The Royal Hunt of Dido and Aeneas
(Filippo Falciatore)


The two paintings illustrate, respectively, two episodes from the Story of Dido and Aeneas from Virgil’s Aeneid. Achates was one of Aeneas’ most trusted captains. The goddess Juno, who had taken the side of the Greeks against the Trojans persuaded Aeolus to release the winds in order to cause a storm to destroy the Trojan fleet. Some of Aeneas’ ships were wrecked but several made safe haven, among them one commanded by Achates. Sheltering from the fury of the wind in a cave Aeneas later climbed on top of the rocks and espied first a single stag and then a herd of deer and the two gave chase. This is the scene the artist has chosen to depict though the anchored fleet appears to be in calm waters and the landscape is more reminsicent of the Campania than the north African coast! The pair kill ‘seven weighty carcasses in number equal to the surviving Trojan ships’. Aeneas organises a splendid barbecue and lectures his men on their destiny. Later in the story upon their arrival in Carthage it is Achates that Aeneas sends to fetch the alluring presents with which he intends to spoil the beautiful Dido. Thus the artist skillfully and obviously quite intentionally links the stories which he depicts in these two paintings.[1]

The paintings originally made up part of a series of decorative panels in eighteenth century European rocaille style, either for a cabinet, a matrimonial bedhead or a sedan chair. The panels are certainly by Filippo Falciatore on account of their close stylistic affinity to other signed or securely attributed works by this Neapolitan ‘petit-maître’ who was active at the Court of Charles Bourbon of Naples in the middle of the century. A further five panels in the Duca di Martina Museum in Naples have always unanimously been given to Falciatore (See Fig. 1). On gold backgrounds and in mock Rococo frames, finely painted with floral motifs, they illustrate various mythological episodes. On the basis of De Dominici’s biography[2] they were identified by Vitzthum[3] as being the panels painted by Falciatore between 1737 and 1738, for the sedan chair of Maria Amalia of Sassonia, wife of Charles Bourbon, King of Naples (identified also by Spinosa, as dating after 1741 for their affinity to other paintings by Falciatore after this date). These panels are considered to be amongst the finest and most precious examples of the Neapolitan Rococo style and many other pictures from the artist’s maturity are similar in style often with genre scenes taken from daily life in Naples mid century at a time when the artist was enjoying his greatest success. They are also very close in style to a further panel, whose theme taken from Gerusalemme liberata by Torquato Tasso, is the episode of Erminia amongst the shepherds. This panel is mounted in a fine carved, gold, wooden frame in the rocaille style, and it appeared at auction at Sotheby’s in London in 1985 (See Fig. 2). Originally it must definitely have been part of the pictorial decoration of a sedan chair.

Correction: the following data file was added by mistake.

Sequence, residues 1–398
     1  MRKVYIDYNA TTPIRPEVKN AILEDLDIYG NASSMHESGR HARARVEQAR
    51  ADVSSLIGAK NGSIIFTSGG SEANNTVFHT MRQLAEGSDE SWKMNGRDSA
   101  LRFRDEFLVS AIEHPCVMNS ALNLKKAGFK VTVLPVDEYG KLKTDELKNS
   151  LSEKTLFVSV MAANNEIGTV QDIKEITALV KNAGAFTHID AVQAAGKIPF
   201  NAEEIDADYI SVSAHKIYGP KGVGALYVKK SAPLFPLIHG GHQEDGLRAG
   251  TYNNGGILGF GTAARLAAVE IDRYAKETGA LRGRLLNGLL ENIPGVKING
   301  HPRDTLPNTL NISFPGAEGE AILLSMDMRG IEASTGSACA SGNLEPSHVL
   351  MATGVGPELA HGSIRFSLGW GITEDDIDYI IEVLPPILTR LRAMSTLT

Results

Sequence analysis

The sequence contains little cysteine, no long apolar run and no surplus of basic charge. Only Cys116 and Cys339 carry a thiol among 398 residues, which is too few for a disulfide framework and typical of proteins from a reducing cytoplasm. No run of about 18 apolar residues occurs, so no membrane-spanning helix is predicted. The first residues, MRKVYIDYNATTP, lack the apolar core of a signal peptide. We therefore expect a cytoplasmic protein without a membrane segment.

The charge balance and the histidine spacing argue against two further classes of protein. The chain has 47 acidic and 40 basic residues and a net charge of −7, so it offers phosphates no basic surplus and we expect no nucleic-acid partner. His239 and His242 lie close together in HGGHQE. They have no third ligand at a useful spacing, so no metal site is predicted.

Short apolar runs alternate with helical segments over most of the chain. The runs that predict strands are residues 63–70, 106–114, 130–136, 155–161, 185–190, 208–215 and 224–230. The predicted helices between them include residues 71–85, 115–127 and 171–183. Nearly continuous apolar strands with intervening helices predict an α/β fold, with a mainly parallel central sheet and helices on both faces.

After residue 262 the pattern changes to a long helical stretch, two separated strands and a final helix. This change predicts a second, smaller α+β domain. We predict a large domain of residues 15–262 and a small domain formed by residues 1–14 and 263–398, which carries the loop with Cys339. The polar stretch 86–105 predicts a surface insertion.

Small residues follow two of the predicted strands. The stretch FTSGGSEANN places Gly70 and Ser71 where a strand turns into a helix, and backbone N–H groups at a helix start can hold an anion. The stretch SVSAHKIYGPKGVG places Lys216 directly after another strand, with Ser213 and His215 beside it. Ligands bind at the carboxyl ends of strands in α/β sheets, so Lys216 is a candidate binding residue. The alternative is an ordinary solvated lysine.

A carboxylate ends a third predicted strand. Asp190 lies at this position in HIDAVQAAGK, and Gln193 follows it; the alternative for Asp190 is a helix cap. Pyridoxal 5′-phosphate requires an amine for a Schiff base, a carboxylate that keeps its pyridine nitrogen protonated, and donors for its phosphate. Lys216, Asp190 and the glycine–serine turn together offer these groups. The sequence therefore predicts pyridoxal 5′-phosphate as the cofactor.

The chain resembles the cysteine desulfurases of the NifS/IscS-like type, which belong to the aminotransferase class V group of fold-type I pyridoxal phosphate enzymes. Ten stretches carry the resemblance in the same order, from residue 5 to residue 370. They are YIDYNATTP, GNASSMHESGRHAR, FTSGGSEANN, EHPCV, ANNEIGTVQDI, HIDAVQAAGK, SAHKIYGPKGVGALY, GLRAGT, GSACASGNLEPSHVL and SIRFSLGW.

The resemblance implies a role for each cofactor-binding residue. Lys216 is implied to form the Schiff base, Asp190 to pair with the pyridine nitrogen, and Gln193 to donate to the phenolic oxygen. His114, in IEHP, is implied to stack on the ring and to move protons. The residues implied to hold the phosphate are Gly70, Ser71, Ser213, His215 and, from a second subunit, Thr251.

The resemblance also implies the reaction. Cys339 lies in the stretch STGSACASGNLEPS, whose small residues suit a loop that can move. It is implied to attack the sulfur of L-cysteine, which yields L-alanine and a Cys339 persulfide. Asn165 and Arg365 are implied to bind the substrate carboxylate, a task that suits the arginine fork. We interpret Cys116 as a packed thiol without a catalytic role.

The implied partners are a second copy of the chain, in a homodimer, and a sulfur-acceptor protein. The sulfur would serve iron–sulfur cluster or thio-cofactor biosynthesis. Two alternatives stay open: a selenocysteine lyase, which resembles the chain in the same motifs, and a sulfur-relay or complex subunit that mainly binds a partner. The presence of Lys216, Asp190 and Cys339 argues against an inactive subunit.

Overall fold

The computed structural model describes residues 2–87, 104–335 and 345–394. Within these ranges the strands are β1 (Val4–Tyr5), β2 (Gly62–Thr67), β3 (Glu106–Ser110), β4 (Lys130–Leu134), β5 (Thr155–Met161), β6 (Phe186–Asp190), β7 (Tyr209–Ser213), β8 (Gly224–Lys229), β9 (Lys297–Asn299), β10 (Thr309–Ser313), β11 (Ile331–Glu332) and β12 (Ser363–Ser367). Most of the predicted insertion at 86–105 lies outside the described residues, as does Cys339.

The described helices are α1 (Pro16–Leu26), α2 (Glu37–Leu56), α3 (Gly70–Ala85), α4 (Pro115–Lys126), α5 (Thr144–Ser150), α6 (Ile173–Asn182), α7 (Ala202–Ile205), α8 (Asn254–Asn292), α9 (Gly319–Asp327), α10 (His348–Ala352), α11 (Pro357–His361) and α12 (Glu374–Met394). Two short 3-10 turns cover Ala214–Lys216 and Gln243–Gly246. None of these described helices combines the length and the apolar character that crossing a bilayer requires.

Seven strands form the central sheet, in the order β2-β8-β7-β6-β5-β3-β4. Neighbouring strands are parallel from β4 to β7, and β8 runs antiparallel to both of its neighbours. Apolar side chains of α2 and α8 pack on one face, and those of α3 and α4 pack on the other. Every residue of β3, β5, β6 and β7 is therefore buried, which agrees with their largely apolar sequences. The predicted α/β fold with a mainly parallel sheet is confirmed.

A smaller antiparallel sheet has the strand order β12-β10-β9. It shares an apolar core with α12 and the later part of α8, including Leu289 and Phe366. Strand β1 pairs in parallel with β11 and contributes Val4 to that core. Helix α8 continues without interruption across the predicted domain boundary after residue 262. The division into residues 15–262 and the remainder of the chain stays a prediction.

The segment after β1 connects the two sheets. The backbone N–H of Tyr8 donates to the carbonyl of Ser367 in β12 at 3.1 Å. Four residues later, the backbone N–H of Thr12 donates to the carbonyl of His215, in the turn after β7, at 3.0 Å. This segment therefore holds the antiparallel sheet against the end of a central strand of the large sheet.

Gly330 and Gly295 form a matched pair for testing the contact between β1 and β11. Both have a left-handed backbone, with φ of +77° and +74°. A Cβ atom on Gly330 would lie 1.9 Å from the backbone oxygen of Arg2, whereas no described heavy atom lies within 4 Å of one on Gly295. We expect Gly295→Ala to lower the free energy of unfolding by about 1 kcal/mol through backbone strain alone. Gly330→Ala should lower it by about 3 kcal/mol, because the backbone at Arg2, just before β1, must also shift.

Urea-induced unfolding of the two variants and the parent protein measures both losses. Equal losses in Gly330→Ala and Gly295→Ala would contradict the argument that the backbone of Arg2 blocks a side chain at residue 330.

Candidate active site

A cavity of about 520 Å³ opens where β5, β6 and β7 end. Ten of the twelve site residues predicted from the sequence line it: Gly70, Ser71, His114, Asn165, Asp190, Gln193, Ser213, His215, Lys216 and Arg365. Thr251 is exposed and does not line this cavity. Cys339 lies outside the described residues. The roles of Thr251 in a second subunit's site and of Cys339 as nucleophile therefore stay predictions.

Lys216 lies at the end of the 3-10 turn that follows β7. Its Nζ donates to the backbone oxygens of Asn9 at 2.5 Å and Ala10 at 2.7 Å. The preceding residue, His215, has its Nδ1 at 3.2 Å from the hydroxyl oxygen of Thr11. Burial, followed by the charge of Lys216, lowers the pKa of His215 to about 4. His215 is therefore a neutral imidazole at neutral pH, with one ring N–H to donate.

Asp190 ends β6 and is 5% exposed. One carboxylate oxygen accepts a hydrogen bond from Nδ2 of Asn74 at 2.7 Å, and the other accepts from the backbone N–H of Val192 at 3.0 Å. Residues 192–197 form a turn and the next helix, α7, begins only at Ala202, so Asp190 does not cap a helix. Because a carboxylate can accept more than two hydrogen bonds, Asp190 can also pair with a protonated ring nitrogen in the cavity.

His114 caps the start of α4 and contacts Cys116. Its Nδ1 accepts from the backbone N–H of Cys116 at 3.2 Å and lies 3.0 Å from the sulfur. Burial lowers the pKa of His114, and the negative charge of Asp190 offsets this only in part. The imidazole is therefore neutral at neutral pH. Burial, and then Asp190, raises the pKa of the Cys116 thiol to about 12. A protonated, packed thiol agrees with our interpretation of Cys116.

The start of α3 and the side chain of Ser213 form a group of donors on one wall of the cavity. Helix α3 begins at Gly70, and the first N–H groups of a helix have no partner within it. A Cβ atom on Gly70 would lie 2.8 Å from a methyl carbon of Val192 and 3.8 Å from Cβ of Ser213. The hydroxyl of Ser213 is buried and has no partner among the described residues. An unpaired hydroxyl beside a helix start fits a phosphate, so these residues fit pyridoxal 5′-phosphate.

After a brief period in the workshops of Paolo de Matties, Falciatore was influenced by the ‘neo-mannerist’ style of Domenico Antonio Vaccaro to whom he was apprenticed shortly before 1741 and whose formal style and chromatic values are reflected in the exhibited panels. All the decorative panels discussed here may be dated to a period sometime after 1735 and the end of the decade which according to De Dominici is the time that Maria Amalia of Saxony’s sedan chair was decorated.


[1] Book I, verses 180-210, and Book IV verses 129-159. For the story of the hunt and Dido and Aeneas see Solimena no.2 in this catalogue.

[2] B. de Dominici, Vite dei Pittori, Scultori e Architetti Napoletani, Naples 1742-3, III, p. 494.

[3] W. Vitzhum, Filippo Falciatore Petit Maître oublié du style Rocaille a Naples L’Oeil, 1967, pp. 18-23; See also N. Spinosa, Le arti figurative a Napoli nel Settecento: Documenti e ricerche, Naples, 1979: N. Spinosa, Pittura napoletana del Settecento dal Barocco al Rococo, Naples, 1987, p. 153, no. 230, figs. 275, 276 and pls. 49 and 50.

22 7/8 x 28 1/8 in. 58.2 x 71.3 cm
Oil on panel

Matthiesen Gallery, London, ‘The settecento’, 1999

Where is It?
Acquired through the Matthiesen Gallery by the Norton museum, Florida, 2003
Historical Period
Rococo - 1720-1780
Italian - Neapolitan
1999-Collectanea 1700-1800.
Hard back catalogue of the Exhibition held in London and New York, 220 pages fully illustrated with 46 colour plates. £30 or $40 inc. p.& p.

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